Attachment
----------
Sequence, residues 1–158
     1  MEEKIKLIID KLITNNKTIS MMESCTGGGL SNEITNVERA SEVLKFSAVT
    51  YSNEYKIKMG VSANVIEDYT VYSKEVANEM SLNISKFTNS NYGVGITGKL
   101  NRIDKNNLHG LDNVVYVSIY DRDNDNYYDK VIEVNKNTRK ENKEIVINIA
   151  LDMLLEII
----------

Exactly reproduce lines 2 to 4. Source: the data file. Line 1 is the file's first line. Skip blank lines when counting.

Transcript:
     1  MEEKIKLIID KLITNNKTIS MMESCTGGGL SNEITNVERA SEVLKFSAVT
    51  YSNEYKIKMG VSANVIEDYT VYSKEVANEM SLNISKFTNS NYGVGITGKL
   101  NRIDKNNLHG LDNVVYVSIY DRDNDNYYDK VIEVNKNTRK ENKEIVINIA